How Caribbean Music Influences Other Cultures And Art Forms| 30 September, 2021
From salsa to merengue to reggae, it’s hard not to sway to the beat of Caribbean music. The often-upbeat rhythm is made all the more tempting by heavy percussions and other native instruments. The region is home to a unique blend of indigenous people to Native Indian tribes, Africans, and European colonizers. That is why Caribbean music and other art forms are as colorful as their inhabitants.
And because they love to assimilate, their culture has influenced others even halfway across the world. Ahead, you’ll find how Caribbean music melds into other cultures and art forms.
Caribbean Music: An Overview
It’s hard to come up with an exact definition of Caribbean music except that it’s as highly diversified as its roots—from the natives, Africans, Latin Americas, and the Spanish and French settlers.
As the culture on these islands morphs in various ways, each musical style is different. A professional recording studio captures the differences of various Caribbean music genres, which include:
Said to be a combination of ska and rocksteady, this has, in turn, inspired the evolution of other musical styles that include soul, hip hop, and rock. Robert Nesta Marley, or Bob Marley, is the most famous reggae pioneer.
This music genre traces its roots to Trinidad and Tobago. Calypso was said to have spurred other sub-genres such as soca and rapso.
Salsa, which is also a dance form, has its Cuban origins. Around the 1940s and 1950s, the Cuban community in New York developed dance and music, becoming a hit some 20 years later.
Originating in the Dominican Republic, merengue is both the name of the dance and the musical style—as is the case with salsa. Merengue music is strongly influenced by Venezuelan and Afro-Cuban music, while the dance has Latin American origins.
A Spanish word for ‘musical scale,’ began in Haiti and is related to the merengue, although it has a more striking rhythm and bass, as well as a cowbell percussion.
Like its cousin, the merengue, bachata also comes from the Dominican Republic. Bachata represents the island’s profound Spanish influences and is a term for the dance form and the accompanying music.
This musical genre is endemic to the Bahamas and often played with heavy drum-beating alongside tubas, flutes, and cowbells.
Other Caribbean Art Forms
The indigenous tribes of the Caribbean region used to express themselves using body painting and rock art. Centuries later, contemporary artists in the area chose to focus on ‘naif’ or naive painting. This unique style uses bright colors and candid expressions, although surrealism is another famous art form. It’s not uncommon for Caribbean artists to hold exhibits in the United States and other parts of the world.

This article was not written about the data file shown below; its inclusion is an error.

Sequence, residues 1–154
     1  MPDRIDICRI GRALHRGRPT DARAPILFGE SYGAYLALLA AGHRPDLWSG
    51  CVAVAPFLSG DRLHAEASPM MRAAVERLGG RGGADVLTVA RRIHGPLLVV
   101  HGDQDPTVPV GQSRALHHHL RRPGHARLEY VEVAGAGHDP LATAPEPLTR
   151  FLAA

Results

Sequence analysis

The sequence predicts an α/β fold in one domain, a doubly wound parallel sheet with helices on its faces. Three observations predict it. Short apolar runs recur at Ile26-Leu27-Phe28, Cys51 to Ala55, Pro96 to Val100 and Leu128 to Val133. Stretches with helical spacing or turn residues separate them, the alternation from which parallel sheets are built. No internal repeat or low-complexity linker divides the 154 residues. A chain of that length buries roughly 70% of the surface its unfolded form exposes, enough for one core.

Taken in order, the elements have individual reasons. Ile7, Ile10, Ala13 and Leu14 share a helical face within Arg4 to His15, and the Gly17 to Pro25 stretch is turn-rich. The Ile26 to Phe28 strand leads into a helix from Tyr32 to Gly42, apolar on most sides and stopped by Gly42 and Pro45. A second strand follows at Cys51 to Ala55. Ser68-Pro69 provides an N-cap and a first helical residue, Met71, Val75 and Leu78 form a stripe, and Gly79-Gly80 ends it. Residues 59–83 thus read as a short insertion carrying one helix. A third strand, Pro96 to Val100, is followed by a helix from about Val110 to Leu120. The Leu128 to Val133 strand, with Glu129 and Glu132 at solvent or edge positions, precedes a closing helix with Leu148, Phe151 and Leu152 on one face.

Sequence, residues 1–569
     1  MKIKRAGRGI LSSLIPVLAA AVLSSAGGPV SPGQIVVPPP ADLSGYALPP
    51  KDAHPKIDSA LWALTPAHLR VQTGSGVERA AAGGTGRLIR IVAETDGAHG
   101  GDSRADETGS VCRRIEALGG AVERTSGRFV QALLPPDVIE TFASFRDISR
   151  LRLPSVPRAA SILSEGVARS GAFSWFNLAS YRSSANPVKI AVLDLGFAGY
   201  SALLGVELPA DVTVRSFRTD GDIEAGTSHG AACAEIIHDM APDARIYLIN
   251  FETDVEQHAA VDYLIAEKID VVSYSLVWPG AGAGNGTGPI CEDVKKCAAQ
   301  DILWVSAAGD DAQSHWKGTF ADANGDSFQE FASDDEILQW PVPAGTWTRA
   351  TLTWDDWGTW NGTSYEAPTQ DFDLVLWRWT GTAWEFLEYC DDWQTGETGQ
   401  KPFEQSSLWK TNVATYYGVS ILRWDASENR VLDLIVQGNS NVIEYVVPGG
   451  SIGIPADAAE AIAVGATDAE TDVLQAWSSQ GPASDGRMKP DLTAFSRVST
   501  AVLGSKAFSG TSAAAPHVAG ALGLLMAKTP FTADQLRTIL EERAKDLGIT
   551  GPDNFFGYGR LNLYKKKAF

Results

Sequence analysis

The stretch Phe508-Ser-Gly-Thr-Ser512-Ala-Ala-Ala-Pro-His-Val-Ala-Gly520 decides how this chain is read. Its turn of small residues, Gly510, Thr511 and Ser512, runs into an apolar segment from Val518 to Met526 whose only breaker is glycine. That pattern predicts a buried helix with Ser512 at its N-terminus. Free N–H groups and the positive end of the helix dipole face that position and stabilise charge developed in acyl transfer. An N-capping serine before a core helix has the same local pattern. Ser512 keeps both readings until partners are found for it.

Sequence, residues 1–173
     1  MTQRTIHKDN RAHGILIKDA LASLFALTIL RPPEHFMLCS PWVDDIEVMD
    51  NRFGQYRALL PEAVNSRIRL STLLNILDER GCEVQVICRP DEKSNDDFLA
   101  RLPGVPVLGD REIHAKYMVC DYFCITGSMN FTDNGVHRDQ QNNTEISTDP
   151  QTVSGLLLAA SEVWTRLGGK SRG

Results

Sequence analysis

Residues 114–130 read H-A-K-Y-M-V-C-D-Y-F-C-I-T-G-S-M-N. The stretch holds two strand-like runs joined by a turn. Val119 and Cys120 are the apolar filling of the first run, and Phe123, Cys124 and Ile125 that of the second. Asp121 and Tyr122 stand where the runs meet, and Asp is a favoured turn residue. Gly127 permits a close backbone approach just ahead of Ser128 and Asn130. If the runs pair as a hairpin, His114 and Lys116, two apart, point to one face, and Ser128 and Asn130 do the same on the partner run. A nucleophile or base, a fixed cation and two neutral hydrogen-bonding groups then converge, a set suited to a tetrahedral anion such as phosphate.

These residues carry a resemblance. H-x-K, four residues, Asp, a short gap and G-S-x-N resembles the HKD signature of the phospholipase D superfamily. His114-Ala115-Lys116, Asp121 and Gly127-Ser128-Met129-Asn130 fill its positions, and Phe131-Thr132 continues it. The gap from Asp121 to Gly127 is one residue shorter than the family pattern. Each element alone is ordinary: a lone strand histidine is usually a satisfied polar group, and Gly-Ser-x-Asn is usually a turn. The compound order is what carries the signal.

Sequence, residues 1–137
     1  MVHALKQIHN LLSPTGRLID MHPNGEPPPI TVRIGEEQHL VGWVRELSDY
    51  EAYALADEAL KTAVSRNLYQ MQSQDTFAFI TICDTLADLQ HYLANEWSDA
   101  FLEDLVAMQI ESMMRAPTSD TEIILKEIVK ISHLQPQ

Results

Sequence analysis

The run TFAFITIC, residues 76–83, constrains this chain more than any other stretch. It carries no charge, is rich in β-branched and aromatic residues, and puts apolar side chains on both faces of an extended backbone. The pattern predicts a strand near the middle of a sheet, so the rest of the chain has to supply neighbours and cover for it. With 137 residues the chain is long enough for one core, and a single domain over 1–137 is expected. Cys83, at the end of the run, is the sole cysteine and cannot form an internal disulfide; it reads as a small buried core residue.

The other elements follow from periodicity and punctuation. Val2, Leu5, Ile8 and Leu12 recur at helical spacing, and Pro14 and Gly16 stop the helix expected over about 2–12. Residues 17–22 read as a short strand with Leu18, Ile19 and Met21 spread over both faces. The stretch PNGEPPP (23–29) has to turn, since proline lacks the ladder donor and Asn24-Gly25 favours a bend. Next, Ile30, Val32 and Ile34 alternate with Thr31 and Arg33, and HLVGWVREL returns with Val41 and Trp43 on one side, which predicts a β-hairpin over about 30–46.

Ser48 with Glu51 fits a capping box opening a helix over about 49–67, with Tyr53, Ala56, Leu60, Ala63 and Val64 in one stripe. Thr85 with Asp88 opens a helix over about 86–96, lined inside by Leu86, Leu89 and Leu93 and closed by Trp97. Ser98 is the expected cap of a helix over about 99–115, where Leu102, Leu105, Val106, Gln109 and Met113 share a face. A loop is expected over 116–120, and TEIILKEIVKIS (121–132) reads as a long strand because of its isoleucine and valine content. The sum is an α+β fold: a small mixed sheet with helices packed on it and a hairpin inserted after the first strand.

Some Caribbean artists have also offered significant contributions in sculpture, photography, modern forms of visual arts, and performing arts through Maksaens Denis, Hulda Guzman, and Christopher Cozier, among many others.
Sharing Their Culture To Other Shores
Perhaps it’s in the blood or culture; the Caribbean people have always been on the move. For instance, in the 18th to the early 19th centuries, an estimated 200,000 Caribbean workers moved to Central America to help build the Panama Canal. Others migrated to look for jobs elsewhere, most ending up in the US and South America.
In the 1950s and 1960s, Caribbean immigrants arrived in droves on British soil, where they shared reggae and ska music. In the 1970s, reggae music was at its peak, and ska evolved to punk music.
And, as the Caribbean people continue to migrate to various parts of the world, they brought these influences into their chosen communities to be re-integrated. These days, Caribbean folks are still going places to share music, art, and the love for festivals.
The Hip Hop Culture
Soon, Caribbean music gave birth to hip-hop culture in the 1980s. According to one of hip-hop’s trailblazers Afrika Bambaata, whose parents were Jamaican and Barbadian immigrants, the culture has four main components:
- Rapping, which is distinct from singing because it doesn’t follow a melody.
- DJ-ing, which some consider as a performing art form because it produces a new sound from previous recordings.
- Breakdancing, which is a dance form that demands agility, flexibility, and acrobatic stunts.
- Street graffiti, which is considered a visual art form that features a vibrant and bustling style—not much different from the sights of the Caribbean.
The Rastafarian Movement
Rastafari is a political and religious movement formed in the 1930s and has its roots in Jamaica. There are at least one million Rastafari practitioners worldwide, thanks in part to reggae singer Bob Marley, who believe that Africans are God’s chosen people.
Before reggae, though, ‘Rastas’ played traditional Nyabingi—a mix of 19th-century gospel music and African drumming—to achieve heightened spirituality.
Caribbean music has one of the most diverse roots in the world. Because of globalization, its influence stretches to modern and contemporary music and even cultures worldwide. It’s great to know that whatever culture you have, you can still indulge yourself with music as long as you can relate to it.
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